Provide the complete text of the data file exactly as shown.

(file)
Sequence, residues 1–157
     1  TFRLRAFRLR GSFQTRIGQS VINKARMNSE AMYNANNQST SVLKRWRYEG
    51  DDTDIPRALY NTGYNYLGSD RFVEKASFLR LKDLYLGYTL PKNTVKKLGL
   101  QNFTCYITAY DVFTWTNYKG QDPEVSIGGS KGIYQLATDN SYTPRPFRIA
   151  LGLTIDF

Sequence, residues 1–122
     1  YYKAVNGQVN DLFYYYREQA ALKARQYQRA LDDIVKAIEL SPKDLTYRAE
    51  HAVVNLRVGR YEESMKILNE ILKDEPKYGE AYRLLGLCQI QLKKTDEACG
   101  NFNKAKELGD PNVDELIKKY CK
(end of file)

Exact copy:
Sequence, residues 1–157
     1  TFRLRAFRLR GSFQTRIGQS VINKARMNSE AMYNANNQST SVLKRWRYEG
    51  DDTDIPRALY NTGYNYLGSD RFVEKASFLR LKDLYLGYTL PKNTVKKLGL
   101  QNFTCYITAY DVFTWTNYKG QDPEVSIGGS KGIYQLATDN SYTPRPFRIA
   151  LGLTIDF

Sequence, residues 1–122
     1  YYKAVNGQVN DLFYYYREQA ALKARQYQRA LDDIVKAIEL SPKDLTYRAE
    51  HAVVNLRVGR YEESMKILNE ILKDEPKYGE AYRLLGLCQI QLKKTDEACG
   101  NFNKAKELGD PNVDELIKKY CK